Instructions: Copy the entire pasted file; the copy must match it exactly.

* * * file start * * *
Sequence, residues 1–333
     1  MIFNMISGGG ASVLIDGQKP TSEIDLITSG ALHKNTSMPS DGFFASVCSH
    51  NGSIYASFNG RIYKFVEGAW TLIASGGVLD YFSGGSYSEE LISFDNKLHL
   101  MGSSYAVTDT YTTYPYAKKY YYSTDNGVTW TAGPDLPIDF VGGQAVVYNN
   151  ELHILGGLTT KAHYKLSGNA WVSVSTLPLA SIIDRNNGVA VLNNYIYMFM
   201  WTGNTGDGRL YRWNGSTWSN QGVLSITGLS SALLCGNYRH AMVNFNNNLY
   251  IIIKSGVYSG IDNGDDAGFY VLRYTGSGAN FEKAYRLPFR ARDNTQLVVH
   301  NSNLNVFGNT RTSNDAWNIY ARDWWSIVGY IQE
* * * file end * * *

Sequence, residues 1–333
     1  MIFNMISGGG ASVLIDGQKP TSEIDLITSG ALHKNTSMPS DGFFASVCSH
    51  NGSIYASFNG RIYKFVEGAW TLIASGGVLD YFSGGSYSEE LISFDNKLHL
   101  MGSSYAVTDT YTTYPYAKKY YYSTDNGVTW TAGPDLPIDF VGGQAVVYNN
   151  ELHILGGLTT KAHYKLSGNA WVSVSTLPLA SIIDRNNGVA VLNNYIYMFM
   201  WTGNTGDGRL YRWNGSTWSN QGVLSITGLS SALLCGNYRH AMVNFNNNLY
   251  IIIKSGVYSG IDNGDDAGFY VLRYTGSGAN FEKAYRLPFR ARDNTQLVVH
   301  NSNLNVFGNT RTSNDAWNIY ARDWWSIVGY IQE